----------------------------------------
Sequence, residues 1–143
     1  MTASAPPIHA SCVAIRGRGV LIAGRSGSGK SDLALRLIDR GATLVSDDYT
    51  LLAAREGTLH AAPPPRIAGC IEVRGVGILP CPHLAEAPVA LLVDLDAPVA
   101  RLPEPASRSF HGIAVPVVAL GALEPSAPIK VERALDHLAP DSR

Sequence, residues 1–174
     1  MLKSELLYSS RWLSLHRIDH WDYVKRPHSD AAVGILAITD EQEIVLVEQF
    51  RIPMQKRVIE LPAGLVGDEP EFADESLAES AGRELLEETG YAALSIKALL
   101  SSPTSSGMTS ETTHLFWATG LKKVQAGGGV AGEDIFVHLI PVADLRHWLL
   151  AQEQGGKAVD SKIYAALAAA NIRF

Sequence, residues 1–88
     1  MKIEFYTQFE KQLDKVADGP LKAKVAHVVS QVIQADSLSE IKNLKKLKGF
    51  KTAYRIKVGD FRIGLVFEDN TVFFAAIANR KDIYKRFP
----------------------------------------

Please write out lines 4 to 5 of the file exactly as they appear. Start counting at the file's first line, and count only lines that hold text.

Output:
   101  RLPEPASRSF HGIAVPVVAL GALEPSAPIK VERALDHLAP DSR

Sequence, residues 1–174